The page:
Herbert understood this; it is quite obvious from the start of the novel that the project is doomed to end in famine. Too obvious for any suspense to be left in that part of the book. To oppose this folly, Herbert uses a well-known science fiction plot device. He creates a non-human intelligence as an adversary. Based on the fact that insects procreate faster than humans and thus can evolve a lot faster, and inspired by colonial insects, an insect intelligence known as The Brain arises and takes control of the efforts to combat developments that it considers a path to the death of all life on earth. The Brain is described as highly intelligent but also immobile and completely dependent on the insects that take care of its physical needs and provide it with information of events outside its hiding place. A very vulnerable position to be in, if humans had been aware of its existence anyway. It is by far the most unlikely element in the plot.
Interestingly enough, Herbert also mentions human opposition to the project. The author never reveals whether such resistance actually exists and how widespread it is, but it is constantly accused of sabotage and re-infesting recently cleaned areas. Maybe it is used as a convenient scapegoat, but this kind of resistance makes a lot more sense to me than The Brain, and I thought it a shame Herbert didn’t go into this in more detail. With a project that is unlikely to be endorsed by any serious ecologist and a huge insect brain hiding in the jungle fighting it, my willingness to suspend disbelief broke down after the first couple of chapters. Herbert would go on to write Hellstrom’s Hive (1973), a much better novel using colonial insects as a model.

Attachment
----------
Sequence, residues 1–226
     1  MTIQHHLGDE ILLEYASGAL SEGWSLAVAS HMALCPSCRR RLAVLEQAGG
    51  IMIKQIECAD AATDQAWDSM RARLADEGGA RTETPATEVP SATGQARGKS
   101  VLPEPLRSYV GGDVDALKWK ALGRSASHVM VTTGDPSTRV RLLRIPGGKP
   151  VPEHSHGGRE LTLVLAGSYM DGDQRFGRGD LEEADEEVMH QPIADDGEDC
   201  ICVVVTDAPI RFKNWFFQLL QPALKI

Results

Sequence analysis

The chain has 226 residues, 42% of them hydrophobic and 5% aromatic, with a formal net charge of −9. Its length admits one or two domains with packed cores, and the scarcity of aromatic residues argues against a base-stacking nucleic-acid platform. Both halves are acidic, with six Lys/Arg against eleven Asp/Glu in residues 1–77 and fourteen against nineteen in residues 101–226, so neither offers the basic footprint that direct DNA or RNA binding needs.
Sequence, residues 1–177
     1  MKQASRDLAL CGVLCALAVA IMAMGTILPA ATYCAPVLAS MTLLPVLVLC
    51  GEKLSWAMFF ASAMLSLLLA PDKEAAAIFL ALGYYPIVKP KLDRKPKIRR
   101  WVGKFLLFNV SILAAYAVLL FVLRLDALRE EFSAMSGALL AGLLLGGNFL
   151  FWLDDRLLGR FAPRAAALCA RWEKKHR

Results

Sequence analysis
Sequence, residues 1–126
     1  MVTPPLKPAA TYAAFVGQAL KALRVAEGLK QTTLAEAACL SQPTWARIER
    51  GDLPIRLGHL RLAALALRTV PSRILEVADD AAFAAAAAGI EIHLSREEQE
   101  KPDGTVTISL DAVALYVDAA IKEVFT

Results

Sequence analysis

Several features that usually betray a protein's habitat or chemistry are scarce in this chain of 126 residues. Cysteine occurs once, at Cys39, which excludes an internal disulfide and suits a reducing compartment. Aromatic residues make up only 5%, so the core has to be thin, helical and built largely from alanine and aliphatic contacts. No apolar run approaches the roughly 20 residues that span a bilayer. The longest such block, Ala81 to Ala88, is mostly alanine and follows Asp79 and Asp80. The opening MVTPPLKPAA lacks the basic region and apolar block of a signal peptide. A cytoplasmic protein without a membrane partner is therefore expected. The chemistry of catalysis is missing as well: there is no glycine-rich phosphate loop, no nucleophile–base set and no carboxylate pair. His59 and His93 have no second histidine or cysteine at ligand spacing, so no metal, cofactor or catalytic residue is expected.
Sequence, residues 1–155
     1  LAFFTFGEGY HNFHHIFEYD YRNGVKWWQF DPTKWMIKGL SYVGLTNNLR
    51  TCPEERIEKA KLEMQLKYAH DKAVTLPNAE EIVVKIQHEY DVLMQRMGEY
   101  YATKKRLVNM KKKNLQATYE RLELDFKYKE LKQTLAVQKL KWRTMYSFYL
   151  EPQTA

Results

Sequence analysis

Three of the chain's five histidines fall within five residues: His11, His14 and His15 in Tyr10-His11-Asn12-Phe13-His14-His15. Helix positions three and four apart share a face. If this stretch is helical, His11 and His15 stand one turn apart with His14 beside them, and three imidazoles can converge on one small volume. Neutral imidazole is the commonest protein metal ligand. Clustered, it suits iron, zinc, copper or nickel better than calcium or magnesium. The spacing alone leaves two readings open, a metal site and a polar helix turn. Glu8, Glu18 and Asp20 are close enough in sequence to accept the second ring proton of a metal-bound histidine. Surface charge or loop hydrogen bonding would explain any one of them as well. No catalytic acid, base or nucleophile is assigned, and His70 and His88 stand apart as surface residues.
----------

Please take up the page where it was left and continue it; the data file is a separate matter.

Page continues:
I guess I didn’t like the concept of this book, but I have to admit the way this story plays out between Martinho, Lhu and the third main character Rhinn Kelly is interesting. Events take them deep into the jungle where a complex psychological game between them develops. Although not everybody will appreciate the less than flattering description of Kelly’s services to the IEO, Herbert does manage to build the tension to great heights before the climax of the novel. The pressure heaped on Joao in particular is very well done.
Although not without its qualities, in my mind The Green Brain is the weakest of Herbert’s novels that I have read to date. He never manages to really lift it above a science fiction monster story. For an author who was reluctant to enter the field of science fiction and made many attempts to break into the mainstream fiction market in his career, it is a disappointing work. In each and every one of his novels Herbert tries to raise the level of the genre with lots of attention to the psychology of the characters as well as a good idea to support the novel. In The Green Brain he does not achieve the desired result. The combination of ecology, social insects and science fiction has potential as Herbert would later show, but in this book he did not find the right combination.
FanLit thanks Rob Weber from Val’s Random Comments for contributing this guest review.